Paper — still the easiest material on Earth to recycle
Scanning the media coverage around Earth month, Earth week and Earth day, I noticed reporters, usually keyed into anything they perceive as wasteful, were quick to give pandemic buying behavior a pass. None of the implied “think about if you really need it” guilt trips that often make it into coverage of e-commerce. But these pieces did still mention what they perceived as the negative impact of pandemic buying patterns on many local solid waste systems. One Minneapolis- based recycling center put it this way, “This discard stream, it really tells stories about what’s happening in our communities…[and] the story at our facility during the pandemic is that we’re drinking at home and ordering online — a lot.”
Right, though as we can all attest, we weren’t doing those things by choice!
Many of us wanted to support our local restaurants and for months take-out, delivered in single use packaging, was the only way. And we were mandated in many parts of the country to stay protected with masks, gloves, and other kinds of personal protective gear—one and done kinds of items. So far, so sensible.
Less sensible is that, according to many reports, a lot of us also decided to clean out our homes, and toss things like bicycles, batteries, and basketballs …. IN THE RECYCLING! What? This is “wishcycling” at its worst. Not only can these objects not be recycled via normal channels, but they seriously undermine the infrastructure responsible for recycling the millions of tons of material that can and should be remade into new products. If the definition of “litter” is “to scatter about in disorder”, then putting items in the blue bin that don’t belong there is no less littering than throwing them onto the side of the road. I cannot help but think about the public service announcement I was raised on, the iconic, if dated, 1971 anti-littering PSA from Keep America Beautiful featuring a single tear in the eye of actor Iron Eyes Cody, a highly effective piece of public shaming.
So how did we get HERE?
Reporters and consumers alike were quick to point the finger at confusing (and often misleading) sustainability messages promoted by brands and businesses that leave consumers with the impression that their products can be responsibly disposed of, but utterly confused over how to do so. Yes, these three types can be recycled but NOT those five other types. Or, yes, it can be recycled but ONLY if you take it back to the store where you bought it. Or, mail it back to the manufacturer. Or, separate the aluminum lid from the plastic cup.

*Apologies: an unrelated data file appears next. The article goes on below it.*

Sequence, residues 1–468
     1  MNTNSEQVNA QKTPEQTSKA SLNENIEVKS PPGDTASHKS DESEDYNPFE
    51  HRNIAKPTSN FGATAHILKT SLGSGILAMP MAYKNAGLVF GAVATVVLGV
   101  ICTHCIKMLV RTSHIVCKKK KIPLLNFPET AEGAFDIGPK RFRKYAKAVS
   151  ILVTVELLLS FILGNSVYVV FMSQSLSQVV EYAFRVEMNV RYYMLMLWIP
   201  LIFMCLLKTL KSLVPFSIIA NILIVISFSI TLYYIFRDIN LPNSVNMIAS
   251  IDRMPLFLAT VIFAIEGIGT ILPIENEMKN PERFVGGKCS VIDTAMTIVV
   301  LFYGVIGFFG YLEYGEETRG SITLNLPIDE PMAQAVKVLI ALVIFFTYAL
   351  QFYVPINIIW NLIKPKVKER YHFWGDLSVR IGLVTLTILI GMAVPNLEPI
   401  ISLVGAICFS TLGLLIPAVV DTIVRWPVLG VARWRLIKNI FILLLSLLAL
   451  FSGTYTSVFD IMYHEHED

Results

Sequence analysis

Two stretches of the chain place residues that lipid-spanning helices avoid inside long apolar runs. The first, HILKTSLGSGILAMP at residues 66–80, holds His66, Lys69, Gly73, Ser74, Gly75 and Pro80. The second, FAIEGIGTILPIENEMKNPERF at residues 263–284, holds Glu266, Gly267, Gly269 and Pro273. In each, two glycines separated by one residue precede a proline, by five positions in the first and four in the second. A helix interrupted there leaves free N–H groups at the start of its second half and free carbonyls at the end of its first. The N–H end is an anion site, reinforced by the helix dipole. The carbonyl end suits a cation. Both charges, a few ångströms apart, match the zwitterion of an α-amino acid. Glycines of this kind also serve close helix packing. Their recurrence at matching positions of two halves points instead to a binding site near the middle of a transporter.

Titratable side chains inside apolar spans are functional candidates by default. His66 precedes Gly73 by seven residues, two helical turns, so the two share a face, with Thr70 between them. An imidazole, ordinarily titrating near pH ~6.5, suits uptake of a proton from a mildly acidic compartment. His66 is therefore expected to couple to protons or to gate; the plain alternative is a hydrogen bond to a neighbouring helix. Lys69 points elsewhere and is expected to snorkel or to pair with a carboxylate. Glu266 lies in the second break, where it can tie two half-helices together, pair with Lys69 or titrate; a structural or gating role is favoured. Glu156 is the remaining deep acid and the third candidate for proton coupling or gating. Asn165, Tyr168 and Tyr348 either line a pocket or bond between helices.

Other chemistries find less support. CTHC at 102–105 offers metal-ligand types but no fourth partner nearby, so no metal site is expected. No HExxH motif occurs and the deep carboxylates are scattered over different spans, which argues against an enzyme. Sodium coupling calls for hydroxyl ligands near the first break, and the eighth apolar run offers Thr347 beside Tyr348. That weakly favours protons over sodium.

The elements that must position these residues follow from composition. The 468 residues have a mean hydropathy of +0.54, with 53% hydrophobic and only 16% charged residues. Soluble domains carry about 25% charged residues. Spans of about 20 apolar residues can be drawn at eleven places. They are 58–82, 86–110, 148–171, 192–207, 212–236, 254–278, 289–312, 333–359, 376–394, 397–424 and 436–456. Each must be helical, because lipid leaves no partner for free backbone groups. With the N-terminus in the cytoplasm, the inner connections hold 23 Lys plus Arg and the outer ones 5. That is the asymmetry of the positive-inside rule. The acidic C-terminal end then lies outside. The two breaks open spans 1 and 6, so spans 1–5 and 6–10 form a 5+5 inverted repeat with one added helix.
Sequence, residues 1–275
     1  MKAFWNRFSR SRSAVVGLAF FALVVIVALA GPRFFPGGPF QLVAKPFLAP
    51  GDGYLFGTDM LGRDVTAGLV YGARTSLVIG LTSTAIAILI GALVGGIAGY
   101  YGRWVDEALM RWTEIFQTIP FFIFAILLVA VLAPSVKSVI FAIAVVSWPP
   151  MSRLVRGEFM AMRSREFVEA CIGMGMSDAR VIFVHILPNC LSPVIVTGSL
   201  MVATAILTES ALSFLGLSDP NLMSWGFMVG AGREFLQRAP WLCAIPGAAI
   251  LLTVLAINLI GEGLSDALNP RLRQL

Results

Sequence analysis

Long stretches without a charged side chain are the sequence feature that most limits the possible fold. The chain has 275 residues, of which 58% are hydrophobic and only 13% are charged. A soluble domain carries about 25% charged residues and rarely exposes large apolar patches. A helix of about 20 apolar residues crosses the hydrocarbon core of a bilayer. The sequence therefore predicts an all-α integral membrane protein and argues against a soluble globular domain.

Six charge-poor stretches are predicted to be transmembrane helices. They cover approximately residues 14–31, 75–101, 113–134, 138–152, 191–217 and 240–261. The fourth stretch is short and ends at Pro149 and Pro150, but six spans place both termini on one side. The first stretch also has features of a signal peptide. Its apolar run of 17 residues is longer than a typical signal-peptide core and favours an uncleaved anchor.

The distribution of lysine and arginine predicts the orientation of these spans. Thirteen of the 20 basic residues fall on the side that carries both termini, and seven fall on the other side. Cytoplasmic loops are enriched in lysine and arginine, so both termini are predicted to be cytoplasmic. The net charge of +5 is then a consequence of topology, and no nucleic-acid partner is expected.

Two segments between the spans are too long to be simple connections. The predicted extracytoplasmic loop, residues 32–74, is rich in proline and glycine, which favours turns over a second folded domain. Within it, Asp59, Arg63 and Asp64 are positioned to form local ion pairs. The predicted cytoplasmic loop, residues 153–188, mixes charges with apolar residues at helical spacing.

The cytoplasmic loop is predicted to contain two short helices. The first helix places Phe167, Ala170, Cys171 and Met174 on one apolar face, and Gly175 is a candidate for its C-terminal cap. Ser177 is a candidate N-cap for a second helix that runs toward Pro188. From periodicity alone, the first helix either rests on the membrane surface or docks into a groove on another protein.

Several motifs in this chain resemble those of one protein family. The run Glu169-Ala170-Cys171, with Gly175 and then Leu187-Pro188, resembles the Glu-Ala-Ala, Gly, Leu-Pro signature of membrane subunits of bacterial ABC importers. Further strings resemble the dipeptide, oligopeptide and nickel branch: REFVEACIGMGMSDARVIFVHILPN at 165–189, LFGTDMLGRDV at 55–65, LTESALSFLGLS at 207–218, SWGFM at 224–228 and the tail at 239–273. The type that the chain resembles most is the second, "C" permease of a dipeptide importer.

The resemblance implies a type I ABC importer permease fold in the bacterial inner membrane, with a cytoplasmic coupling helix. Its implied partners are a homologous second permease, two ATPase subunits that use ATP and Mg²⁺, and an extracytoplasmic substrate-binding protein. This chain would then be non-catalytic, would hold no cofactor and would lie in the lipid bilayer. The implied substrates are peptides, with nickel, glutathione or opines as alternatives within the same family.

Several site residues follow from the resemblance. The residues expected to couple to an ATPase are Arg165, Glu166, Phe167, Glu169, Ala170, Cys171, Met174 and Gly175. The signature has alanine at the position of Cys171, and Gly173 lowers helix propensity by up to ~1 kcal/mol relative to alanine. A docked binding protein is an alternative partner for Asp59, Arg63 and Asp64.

The good news is paper recycling stands largely apart from this confusion in terms of its ease to recycle and its end of life in general. The numbers speak for themselves. More paper by weight is recovered for recycling from municipal solid waste streams than glass, plastic, steel and aluminum combined. A full 68.2% was recycled in 2020, according to the EPA, and made into something else. And increasingly, a wider range of paper products, including pizza boxes, coffee cups, and Tetra Pak™ cartons, are being added to the list of paper products local municipalities can collect and process. This is matched by an expanding commitment to new infrastructure. According to AF&PA, three new recycled containerboard mills are expected to be built over the next two years, in order to meet the recycling needs of a post-pandemic world and an environmentally conscious consumer.
Let’s not be modest about it: We’re a smashing recycling success story. The most recycled material in the country, and one that comes from a natural, renewable, and biodegradable material to boot. But in so many areas, our material goes into the same system as others with far lower recycling rates, far more confusion about what can and cannot be processed, and far more dire consequences should those materials make it out of the circular economy and into our landfills (or our oceans).
So how do we make sure that consumers know that, whatever their worries about other materials, paper and packaging is part of the solution when it comes to meeting the needs of consumers and the planet? We have some good ideas, and more importantly, we’ve resolved ourselves as an organization to making this a top priority in the coming months and years. Because we not only have to grow our physical recycling infrastructure, we have to reinvest in the cognitive and emotional aspects of recycling—in the beliefs and habits of recycling—that makes it all work. We can’t get to a circular economy without it.